Ok, so I am one of those cooks that believes butter is the perfect ingredient to make
everything taste better. I would rather have the slightest taste of real butter and
eat less of any given thing, than substitute or go without the heavenly taste of
butter. When my children were younger, we were in NY on a trip. We were
in one of my husbands favorite restaurants… you know the kind, the ones with
fabulous flat breads, cheeses, crackers and cold hard
butter served as a teaser at every meal.
Our daughter Maggie, who had always claimed she hated butter, made herself a
piece of flat bread and added a serving of this mystery spread that we were all
raving about. We all sat and watched as she gobbled it up and claimed it was the
best thing she had ever tasted!
She then pointed to the butter and asked what on earth is that stuff? We all began to
laugh when we explained that it was simply BUTTER! For years, the kids couldn’t
resist teasing her whenever they ate something with butter on it….exclaiming
“Mom, what on earth did you do to these vegetables? So, thus began another
child of mine who also loves and appreciates the magic of butter!
It does not happen very often but have you ever had a recipe that called for Clariﬁed
butter, sometimes referred to as drawn butter? The ﬁrst time I saw that reference in a
recipe I thought to myself, “I need some Clariﬁcation here.” (no pun intended).
Here is a little cooking tip if your wanting to feel like a bit of a gourmet. When you
melt butter, there is a foam, the white foamy particles will rise to the top. Butter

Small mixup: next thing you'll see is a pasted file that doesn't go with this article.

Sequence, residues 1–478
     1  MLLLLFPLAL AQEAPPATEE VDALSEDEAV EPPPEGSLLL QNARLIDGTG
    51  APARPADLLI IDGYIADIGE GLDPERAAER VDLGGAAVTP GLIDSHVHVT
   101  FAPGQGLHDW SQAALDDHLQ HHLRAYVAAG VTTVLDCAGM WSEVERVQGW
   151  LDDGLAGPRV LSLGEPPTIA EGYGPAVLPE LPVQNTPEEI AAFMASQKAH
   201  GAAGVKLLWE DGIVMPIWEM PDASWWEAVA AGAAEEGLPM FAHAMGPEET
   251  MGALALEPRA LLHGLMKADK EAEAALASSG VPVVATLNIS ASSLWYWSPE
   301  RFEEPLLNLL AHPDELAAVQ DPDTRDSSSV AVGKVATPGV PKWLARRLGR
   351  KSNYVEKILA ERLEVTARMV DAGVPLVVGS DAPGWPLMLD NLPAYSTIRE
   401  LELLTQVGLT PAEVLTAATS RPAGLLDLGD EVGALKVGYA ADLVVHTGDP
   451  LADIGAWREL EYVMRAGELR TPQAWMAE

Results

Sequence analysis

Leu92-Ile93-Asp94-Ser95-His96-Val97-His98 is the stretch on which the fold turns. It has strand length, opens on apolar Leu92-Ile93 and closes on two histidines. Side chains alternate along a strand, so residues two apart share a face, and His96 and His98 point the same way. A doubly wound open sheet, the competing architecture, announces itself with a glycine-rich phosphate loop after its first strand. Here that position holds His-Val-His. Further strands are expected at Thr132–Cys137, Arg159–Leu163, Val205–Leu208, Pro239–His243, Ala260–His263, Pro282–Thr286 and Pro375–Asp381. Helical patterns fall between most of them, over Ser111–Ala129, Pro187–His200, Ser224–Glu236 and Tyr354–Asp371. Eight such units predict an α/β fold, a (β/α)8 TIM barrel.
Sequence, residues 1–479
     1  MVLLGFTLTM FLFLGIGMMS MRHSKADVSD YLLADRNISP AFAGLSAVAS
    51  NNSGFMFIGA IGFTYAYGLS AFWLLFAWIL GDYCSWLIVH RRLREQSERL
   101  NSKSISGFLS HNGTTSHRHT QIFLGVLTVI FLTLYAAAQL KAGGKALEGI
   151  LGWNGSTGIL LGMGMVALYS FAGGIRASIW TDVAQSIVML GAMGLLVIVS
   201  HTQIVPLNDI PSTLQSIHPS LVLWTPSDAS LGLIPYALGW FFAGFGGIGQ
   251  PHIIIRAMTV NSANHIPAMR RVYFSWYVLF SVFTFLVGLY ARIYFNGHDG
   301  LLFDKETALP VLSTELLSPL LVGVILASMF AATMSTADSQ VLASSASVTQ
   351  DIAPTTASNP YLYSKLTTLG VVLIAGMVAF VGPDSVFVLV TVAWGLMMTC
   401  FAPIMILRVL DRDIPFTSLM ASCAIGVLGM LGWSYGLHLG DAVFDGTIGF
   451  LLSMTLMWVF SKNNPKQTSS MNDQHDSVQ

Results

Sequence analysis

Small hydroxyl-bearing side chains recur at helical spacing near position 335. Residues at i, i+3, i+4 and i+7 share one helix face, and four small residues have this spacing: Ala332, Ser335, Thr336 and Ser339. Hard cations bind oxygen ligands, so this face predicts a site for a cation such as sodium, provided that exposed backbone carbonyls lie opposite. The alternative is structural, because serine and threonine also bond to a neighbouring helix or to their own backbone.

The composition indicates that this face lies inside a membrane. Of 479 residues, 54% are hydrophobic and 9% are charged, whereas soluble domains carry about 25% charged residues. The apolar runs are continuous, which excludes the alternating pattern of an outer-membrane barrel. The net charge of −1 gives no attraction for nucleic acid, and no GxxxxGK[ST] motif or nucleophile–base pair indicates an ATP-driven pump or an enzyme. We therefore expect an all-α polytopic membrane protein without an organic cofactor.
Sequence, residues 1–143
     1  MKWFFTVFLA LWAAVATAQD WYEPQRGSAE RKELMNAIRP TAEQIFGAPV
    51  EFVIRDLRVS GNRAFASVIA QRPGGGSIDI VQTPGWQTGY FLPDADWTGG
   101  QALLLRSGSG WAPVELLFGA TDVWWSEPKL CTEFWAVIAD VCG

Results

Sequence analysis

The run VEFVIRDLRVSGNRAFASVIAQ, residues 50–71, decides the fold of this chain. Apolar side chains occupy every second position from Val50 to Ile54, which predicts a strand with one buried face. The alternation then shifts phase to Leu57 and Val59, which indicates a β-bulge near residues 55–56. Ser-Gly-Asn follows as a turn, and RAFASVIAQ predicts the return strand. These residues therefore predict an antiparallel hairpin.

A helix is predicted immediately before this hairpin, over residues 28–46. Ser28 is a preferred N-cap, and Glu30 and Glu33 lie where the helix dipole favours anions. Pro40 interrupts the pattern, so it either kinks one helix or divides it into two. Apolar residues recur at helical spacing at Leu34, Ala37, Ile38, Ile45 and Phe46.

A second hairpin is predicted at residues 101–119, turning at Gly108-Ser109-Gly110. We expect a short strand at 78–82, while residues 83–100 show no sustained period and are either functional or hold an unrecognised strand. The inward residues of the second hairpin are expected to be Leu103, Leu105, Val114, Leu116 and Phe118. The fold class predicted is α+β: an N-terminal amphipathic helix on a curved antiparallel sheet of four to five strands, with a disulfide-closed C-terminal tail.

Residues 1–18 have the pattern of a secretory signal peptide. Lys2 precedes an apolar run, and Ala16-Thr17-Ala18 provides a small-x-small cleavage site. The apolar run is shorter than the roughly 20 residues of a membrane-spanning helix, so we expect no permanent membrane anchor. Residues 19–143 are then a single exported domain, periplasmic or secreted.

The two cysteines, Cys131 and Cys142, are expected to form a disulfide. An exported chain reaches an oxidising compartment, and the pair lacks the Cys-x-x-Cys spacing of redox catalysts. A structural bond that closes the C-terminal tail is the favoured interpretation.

contains certain solids. Once you remove these solids, what is left is the pure
butter fat. The beauty of pure butter fat is that you can cook things at a much
higher temperature, for a longer period of time without having your
butter burn. Which is wonderful for some sauces and roux’s.
Clariﬁed butter has a longer shelf life, as it is the solids in butter that make it
go rancid. Additionally, clariﬁed butter doesn’t become grainy like regular
butter that has been previously melted. The simplest way to make clariﬁed
butter is to slowly melt it in a saucepan. Once it is melted, take a spoon and
try to remove as much of the white foamy particles that you can. There will
probably still be some left. Take some cheesecloth and slowly pour the
butter through it into another bowl. You now have Clariﬁed butter.
I store my Clarified butter in a mason jar. You can keep it in your refrigerator
for up to three months, or in your freezer for up to six months.
Why use Clarified butter?
Clarified butter is reserved for the most delicate sauces and dishes. The whey,
and other commercial additives in butter, causes butter to burn when at a high
temperature. You can use regular butter by adding 1 to 2 Tbsp. olive oil, peanut
oil, or other high smoking point oils to cook at a high temperature to achieve
the same results as Clarified butter.
How to make your own butter!
You can make your own butter, using a very simple technique. Begin by using
unpasteurized Heavy cream. Put 1 1/2 c. heavy cream in a quart jar and start
shaking, off and on for an hour. Strain through a fine mesh sieve. The
solids is butter. Continue until there is no more cream left. This is
real butter with no preservatives and is very perishable.
Be sure to freeze what you don’t use.